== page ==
New Home Construction: Land Grading

Your goal is to build a new home - new home construction. For your new home, the property surface - i.e.: the land on which your new home will be built - is, literally and figuratively, the "foundation" to it all.

With single-family new home construction, before your home builder breaks ground on the project, as the property owner, you will want to ensure that steps are taken to clear and level your buildable residential lot. The foundation for your new home soon will be poured. So any holes found in the property's surface should be filled in. This ensures that the foundation for your new home will be poured on a land surface that has optimal conditions, applicable to new home construction.

The foundation will soon be in. So it's a good idea to use wooden stakes to mark where exactly the foundation will ultimately be poured. If your property turns out to have an uneven surface - i.e.: hills, recesses, dips, mounds, holes... - the next step is, grading.

So while a flat, level lot is, early on in the process of planning your new home-build, what your goal would be - as you approach the pouring of your foundation - an entirely flat, purely level lot with no slope whatsoever throughout the entire property, extending beyond your home's footprint, is not a property surface condition to sustain. This brings us to, grading.

Grading is the structuring of the surface of the land area, applicable to your new home-build. To summarize, the property's grading is its slope. As per grading, it is tantamount to ensuring there will be a proper slope added to the graded property surface. The ideal slope for your home-build project is, for the land on the outer perimeter of your home's foundation to descend away from your newly built home. This decline - applicable to grading - is important because grading ultimately determines where rainwater - as well as where runoff water from the roof - will flow.

With a positive grade, the land slopes away from your new home. Therefore, a positive grade is the desired outcome for your home-build. Insomuch as with positive grade, rainwater - as well as roof run-off - will be directed away from the foundation of your new home. And this is ideal. Positive grade is also referred to as good soil grade.

In contrast to positive grade, negative grade slopes the property surface towards the foundation of your home - and this slope would not be your desired outcome. A negative grade is also known as a poor soil grade. Positive grade reduces the risk of erosion, thereby mitigating future foundation damage. With negative grade, erosion - and in turn, potential foundation damage - is more likely possible.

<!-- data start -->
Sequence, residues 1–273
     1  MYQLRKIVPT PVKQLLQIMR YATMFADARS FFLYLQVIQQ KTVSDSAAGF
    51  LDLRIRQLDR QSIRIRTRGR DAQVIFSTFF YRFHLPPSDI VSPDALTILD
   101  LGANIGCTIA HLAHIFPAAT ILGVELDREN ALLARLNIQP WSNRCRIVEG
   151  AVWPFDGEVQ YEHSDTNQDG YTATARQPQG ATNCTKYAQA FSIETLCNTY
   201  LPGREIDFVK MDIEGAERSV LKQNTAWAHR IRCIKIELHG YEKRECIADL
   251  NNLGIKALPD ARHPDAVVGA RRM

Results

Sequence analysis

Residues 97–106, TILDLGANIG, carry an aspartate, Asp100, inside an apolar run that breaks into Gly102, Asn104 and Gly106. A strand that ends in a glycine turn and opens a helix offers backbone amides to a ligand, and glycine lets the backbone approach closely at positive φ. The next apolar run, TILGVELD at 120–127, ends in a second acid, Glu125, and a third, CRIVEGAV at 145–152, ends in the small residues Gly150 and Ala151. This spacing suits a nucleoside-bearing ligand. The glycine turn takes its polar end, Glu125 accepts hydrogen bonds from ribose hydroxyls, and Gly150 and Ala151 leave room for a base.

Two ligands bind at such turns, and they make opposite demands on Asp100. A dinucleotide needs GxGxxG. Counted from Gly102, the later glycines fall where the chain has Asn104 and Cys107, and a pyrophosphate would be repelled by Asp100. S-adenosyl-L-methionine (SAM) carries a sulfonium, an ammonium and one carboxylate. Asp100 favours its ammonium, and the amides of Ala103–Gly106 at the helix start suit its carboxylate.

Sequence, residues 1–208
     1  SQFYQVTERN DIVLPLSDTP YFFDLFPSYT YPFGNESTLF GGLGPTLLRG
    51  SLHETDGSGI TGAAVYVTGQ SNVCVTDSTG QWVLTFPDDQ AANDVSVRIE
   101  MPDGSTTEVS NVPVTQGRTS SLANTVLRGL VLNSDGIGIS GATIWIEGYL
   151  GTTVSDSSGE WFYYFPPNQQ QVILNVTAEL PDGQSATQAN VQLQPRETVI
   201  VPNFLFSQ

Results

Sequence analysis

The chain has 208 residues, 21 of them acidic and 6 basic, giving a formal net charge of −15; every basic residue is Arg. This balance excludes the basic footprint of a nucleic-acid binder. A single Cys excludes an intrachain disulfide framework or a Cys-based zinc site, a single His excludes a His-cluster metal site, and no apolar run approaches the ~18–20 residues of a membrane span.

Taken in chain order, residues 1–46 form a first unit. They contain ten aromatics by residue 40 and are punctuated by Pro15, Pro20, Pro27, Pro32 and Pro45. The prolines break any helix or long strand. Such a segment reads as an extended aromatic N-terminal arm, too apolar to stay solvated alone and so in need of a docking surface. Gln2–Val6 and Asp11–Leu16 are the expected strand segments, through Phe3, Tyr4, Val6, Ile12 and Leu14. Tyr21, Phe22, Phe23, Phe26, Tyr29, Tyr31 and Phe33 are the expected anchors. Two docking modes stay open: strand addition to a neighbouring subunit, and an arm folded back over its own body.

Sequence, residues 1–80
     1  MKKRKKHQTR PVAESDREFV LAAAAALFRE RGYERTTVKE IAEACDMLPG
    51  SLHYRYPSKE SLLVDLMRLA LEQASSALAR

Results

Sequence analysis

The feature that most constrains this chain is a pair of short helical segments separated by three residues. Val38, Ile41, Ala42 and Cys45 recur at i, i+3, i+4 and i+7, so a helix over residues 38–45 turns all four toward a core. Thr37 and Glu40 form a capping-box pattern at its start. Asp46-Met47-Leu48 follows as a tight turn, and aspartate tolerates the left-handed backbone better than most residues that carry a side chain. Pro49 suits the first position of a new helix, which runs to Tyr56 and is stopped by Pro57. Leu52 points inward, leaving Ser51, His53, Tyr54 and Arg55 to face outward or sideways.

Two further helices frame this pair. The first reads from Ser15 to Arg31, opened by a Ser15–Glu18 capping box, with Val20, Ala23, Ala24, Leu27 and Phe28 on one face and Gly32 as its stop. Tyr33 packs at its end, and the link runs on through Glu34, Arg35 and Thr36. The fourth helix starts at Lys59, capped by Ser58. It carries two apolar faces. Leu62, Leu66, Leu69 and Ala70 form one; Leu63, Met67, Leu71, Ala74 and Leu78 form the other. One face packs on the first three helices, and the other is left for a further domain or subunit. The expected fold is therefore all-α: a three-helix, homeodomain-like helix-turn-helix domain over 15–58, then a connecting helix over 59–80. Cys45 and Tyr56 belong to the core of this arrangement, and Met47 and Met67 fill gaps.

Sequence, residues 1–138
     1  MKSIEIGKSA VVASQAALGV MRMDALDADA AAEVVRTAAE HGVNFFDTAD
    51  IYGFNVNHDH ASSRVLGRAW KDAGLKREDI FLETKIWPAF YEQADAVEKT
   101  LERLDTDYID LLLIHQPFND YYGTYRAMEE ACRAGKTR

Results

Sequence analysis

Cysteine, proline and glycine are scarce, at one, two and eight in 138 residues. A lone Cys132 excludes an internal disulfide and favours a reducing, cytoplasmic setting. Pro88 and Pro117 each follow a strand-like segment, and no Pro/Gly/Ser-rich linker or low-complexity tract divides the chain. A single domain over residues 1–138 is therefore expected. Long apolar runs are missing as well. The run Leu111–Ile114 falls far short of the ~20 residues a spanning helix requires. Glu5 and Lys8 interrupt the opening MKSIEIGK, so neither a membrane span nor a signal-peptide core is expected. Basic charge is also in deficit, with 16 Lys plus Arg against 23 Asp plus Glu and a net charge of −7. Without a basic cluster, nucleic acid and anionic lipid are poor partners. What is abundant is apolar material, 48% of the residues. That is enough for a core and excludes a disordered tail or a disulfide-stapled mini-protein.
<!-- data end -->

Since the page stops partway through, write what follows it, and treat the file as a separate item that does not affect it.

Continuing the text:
For every foot that you move away from your home-build's footprint, you will want the ground surface for your property to drop one inch. This application - one foot - drop one inch - should be established for your home-build footprint's perimeter - extending up to ten feet around the perimeter of the footprint.

In terms of "real estate speak", being a real estate broker myself, I often read property descriptions for marketed homes, whereby the property description is written as, having a "level lot." In terms of your new home build, "level" is not the property surface condition you are looking for. "Level", thereby, is not optimal.

In this article, we touched on the topic of positive grades. And in this article, we also touched on the topic of negative grades. Positive grade, and negative we should also discuss, level grade.

Level grade is a condition where the ground surface is, well, level. I.e.: flat. When building your new home, level grade is a property surface condition that needs to be corrected - not maintained. And this correction can be accomplished, through grading. For your new home build, you want a positive grade.

The level grade should be transitioned to a positive grade. So as to ensure there will be proper drainage around the foundation of your new home. This occurs when the property surface is sloped at the optimal decline. I.e.: positive grade. Thus, with the positive grade, rainwater - as well as roof run-off - will flow away from the foundation of your new home. As discussed in this article, the then trajectory of rainwater, away from the foundation of your new home, reduces your future risk of foundation damage.

What does grading cost? The typical cost for grading can run between $5.00 to $10.00 per square foot of the property.

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